How to Overcome Trust Issues in Dating
All relationships require trust. But where does that leave those of us who struggle with trust issues?
Trust doesn’t always come easily, especially if you’ve been betrayed before. It can take a lot of time to feel safe opening up and putting your faith in someone.
Even still, dating and starting a relationship with trust issues isn’t impossible. There are several ways to start healing your broken trust and lower the walls you’ve built around yourself.
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What Are Trust Issues?
If you have trust issues in dating, you anticipate people will disappoint and hurt you. You question everything they say and do, and because you can’t trust them, you never have a chance to let your guard down.
Having trust issues can start to feel like a shameful marker of your identity, like a badge you’re forced to wear on every date and in every relationship.
But there’s no reason to be ashamed of struggling to trust others, and trust issues aren’t a fixed part of your personality. Trust issues in dating can be healed and overcome.
It’s also important to know the difference between trust issues and a toxic relationship.
Trust issues are often caused by personal trauma and show up in relationship after relationship.
But if you’ve never struggled with trust until your current relationship, there may be some events that have sabotaged trust between you and your current partner. In this case, you probably have a case of broken trust, not trust issues in general.
Signs of trust issues in dating
Trust issues go beyond occasional fear or doubts in a relationship. Here are some signs you may be dealing with trust issues:
- regular feelings of jealousy
- assuming the worst (often called “catastrophizing”)
- pushing others away, especially as they become more emotionally intimate
- craving control in relationships
- feeling like everyone is against you
- holding grudges and refusing to forgive small mistakes
Causes of trust issues in dating: Why it’s not your fault
If you have trust issues in dating, it’s important to remember that 1) you’re totally normal and 2) it’s not your fault.
Struggling to trust others doesn’t make you deeply flawed or broken. It just means you’ve been hurt, and you don’t want to be hurt again.
You may have had painful life experiences, like growing up with an inconsistent family member. You may have experienced neglect, abuse, or a loss in childhood that still affects you today.
Or you may have struggled with making and maintaining friendships at some point in your life.
It’s also no surprise that unhealthy romantic relationships can trigger trust issues in dating. And while trust can be destroyed from a major betrayal like being cheated on, it can also happen in micro-betrayals like being ignored or gaslighted by a partner.
Having trust issues in dating is a completely normal response to betrayal. Struggling with giving trust to others doesn’t mean you’re less deserving or capable of having a healthy relationship.
In fact, balancing vulnerability with a bit of caution can be a great way to stay level-headed when dating.
How Trust Issues in dating trigger relationship issues
You may withhold trust to avoid problems in dating and relationships. But in reality, trust issues can lead to more relationship problems.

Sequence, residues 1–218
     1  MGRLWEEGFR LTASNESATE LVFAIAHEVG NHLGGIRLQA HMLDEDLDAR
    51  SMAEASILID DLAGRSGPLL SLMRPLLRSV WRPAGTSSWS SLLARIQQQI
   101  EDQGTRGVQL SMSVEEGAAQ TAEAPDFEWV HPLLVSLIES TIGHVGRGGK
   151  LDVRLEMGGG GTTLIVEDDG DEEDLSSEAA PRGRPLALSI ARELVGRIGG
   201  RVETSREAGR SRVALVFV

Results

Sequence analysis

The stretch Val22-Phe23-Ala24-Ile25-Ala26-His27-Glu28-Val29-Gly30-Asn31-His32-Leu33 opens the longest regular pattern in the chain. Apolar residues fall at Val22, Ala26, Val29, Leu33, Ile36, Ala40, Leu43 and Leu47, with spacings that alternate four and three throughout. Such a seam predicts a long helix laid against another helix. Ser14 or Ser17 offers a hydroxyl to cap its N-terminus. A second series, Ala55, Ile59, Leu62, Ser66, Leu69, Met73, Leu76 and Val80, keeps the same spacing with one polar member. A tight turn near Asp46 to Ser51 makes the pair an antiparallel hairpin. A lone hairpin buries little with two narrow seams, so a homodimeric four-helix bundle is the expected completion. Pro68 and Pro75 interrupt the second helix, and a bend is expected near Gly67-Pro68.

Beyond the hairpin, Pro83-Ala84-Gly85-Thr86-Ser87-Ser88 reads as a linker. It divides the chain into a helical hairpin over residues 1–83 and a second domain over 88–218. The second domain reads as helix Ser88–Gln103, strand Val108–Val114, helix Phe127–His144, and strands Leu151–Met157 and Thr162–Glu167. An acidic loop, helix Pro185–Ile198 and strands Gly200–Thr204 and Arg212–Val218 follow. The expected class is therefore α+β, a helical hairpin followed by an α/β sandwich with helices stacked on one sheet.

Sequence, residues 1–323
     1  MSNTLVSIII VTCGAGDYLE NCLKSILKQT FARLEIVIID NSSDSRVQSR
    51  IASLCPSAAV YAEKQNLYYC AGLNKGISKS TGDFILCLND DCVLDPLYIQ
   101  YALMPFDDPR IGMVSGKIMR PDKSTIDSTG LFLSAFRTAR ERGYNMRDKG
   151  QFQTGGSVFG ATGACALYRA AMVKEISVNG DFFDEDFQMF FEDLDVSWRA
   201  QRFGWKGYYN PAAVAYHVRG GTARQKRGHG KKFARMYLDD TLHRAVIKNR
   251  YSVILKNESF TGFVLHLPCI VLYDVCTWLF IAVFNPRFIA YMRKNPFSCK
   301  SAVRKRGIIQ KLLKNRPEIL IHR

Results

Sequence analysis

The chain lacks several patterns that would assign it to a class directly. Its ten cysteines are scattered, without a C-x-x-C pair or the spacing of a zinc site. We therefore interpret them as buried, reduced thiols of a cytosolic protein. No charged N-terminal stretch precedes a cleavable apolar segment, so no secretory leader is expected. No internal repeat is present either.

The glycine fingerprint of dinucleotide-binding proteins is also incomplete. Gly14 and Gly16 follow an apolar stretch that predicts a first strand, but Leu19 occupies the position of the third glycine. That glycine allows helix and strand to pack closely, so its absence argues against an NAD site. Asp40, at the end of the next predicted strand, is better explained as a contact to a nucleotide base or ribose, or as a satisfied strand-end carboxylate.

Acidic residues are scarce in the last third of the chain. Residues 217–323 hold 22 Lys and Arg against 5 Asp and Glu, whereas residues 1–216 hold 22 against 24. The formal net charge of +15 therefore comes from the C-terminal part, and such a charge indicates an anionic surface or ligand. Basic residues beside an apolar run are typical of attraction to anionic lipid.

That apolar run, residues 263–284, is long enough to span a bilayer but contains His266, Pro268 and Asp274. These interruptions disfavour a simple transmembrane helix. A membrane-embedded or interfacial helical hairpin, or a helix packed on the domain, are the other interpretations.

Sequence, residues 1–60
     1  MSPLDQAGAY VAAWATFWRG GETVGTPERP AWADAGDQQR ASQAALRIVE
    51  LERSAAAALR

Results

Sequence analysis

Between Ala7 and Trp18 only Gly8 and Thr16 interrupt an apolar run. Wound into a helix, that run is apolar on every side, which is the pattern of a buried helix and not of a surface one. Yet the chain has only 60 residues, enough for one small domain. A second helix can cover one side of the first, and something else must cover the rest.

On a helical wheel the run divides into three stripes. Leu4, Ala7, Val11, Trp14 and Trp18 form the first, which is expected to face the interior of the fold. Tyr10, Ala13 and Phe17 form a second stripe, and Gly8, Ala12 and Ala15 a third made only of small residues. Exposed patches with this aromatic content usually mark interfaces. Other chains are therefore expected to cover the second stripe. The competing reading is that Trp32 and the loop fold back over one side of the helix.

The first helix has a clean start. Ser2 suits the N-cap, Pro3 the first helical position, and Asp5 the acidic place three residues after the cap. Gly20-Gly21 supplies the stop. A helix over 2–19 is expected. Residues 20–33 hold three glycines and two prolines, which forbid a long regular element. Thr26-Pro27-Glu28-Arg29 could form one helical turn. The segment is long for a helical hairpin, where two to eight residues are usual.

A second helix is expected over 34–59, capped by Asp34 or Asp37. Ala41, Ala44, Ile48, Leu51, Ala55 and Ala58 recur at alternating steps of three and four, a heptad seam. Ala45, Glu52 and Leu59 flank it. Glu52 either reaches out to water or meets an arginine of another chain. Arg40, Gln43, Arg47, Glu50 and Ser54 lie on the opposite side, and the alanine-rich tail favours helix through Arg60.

Here are some of the ways trust issues in dating can affect—and destroy—a relationship.
If you don’t trust a dating partner, you may avoid sharing information with them, believing that they’ll betray or leave you after. But without opening up, you never have a chance to truly connect with your partner.
Similarly, your partner may withhold information from you because they worry about how you’ll react, knowing that you don’t 100% trust them.
This kind of disconnection can slowly erode a relationship (or prevent it from ever developing) and make you feel more like strangers than lovers.
When you have trust issues in dating, it can feel like you’re just waiting for the day when your partner finally rejects and abandons you. And this fear of rejection can lead us to act inauthentically to try to avoid the worst.
The ironic thing about trust issues in dating is that, in a way, they can make us less trustworthy too. We might not be completely honest if we’re worried that it’ll somehow backfire or be used against us later.
But that’s not because we’re bad people or intentionally trying to deceive others. Instead, we may, at times, be dishonest or inauthentic in an attempt to protect ourselves.
Trust issues in dating can lead to some self-sabotaging behaviors in relationships.
If you don’t trust others, you may avoid commitment, push people away, and build walls to protect yourself.
You might even flee right before things get serious, ghosting them before they can ghost you.
If you struggle with trust issues in dating, you may not run from others—instead, you do the opposite.
In an attempt to gain control, you might be clingy and try to keep your partner around as much as possible. And if they’re out with friends, you might feel like you need to hear from them often to make sure they’re not doing anything to betray you.
This is common in relationships that lack trust. But trying to control others can quickly become toxic, often making us feel more out of control and insecure in the end.
Learning to Trust Again
Even the deepest trust issues in dating can be healed, and it’s possible to trust again after being let down.
Start With Trusting Yourself
Lacking trust in others can create a lack of trust in ourselves.
You may struggle with self-esteem after experiencing betrayal or relationship issues and only doubt yourself more. But the way to trust others again is to rebuild trust in yourself.
Don’t believe that your trust issues in dating are always misleading you. Don’t talk yourself out of your gut feelings, and don’t pressure yourself to give trust to people who haven’t earned it.
Open Up in Small Steps
You can’t start overcoming trust issues in dating without actually dating!
Learning to trust again takes practice. Ease into using dating sites and meeting new people, taking baby steps along the way.